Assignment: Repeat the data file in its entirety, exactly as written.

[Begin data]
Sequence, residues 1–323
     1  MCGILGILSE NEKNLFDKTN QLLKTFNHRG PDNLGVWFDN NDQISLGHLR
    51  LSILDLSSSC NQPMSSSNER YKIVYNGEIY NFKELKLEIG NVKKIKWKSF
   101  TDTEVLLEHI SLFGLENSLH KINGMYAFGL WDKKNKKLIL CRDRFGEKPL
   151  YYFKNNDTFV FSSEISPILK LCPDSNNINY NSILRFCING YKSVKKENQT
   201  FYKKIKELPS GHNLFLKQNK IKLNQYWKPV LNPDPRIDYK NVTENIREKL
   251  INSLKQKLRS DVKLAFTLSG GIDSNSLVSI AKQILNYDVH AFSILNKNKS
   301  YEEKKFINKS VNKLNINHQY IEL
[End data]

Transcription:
Sequence, residues 1–323
     1  MCGILGILSE NEKNLFDKTN QLLKTFNHRG PDNLGVWFDN NDQISLGHLR
    51  LSILDLSSSC NQPMSSSNER YKIVYNGEIY NFKELKLEIG NVKKIKWKSF
   101  TDTEVLLEHI SLFGLENSLH KINGMYAFGL WDKKNKKLIL CRDRFGEKPL
   151  YYFKNNDTFV FSSEISPILK LCPDSNNINY NSILRFCING YKSVKKENQT
   201  FYKKIKELPS GHNLFLKQNK IKLNQYWKPV LNPDPRIDYK NVTENIREKL
   251  INSLKQKLRS DVKLAFTLSG GIDSNSLVSI AKQILNYDVH AFSILNKNKS
   301  YEEKKFINKS VNKLNINHQY IEL